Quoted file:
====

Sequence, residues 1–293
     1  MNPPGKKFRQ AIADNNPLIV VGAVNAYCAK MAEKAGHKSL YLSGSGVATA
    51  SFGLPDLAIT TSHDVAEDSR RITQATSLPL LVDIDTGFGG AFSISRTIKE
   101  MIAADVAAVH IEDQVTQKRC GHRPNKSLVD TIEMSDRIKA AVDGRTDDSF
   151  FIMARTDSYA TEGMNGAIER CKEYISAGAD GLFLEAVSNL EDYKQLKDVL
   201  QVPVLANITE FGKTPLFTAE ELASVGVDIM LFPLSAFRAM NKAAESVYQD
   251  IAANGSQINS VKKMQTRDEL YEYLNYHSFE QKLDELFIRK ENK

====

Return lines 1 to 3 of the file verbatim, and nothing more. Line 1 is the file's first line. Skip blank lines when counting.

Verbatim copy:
Sequence, residues 1–293
     1  MNPPGKKFRQ AIADNNPLIV VGAVNAYCAK MAEKAGHKSL YLSGSGVATA
    51  SFGLPDLAIT TSHDVAEDSR RITQATSLPL LVDIDTGFGG AFSISRTIKE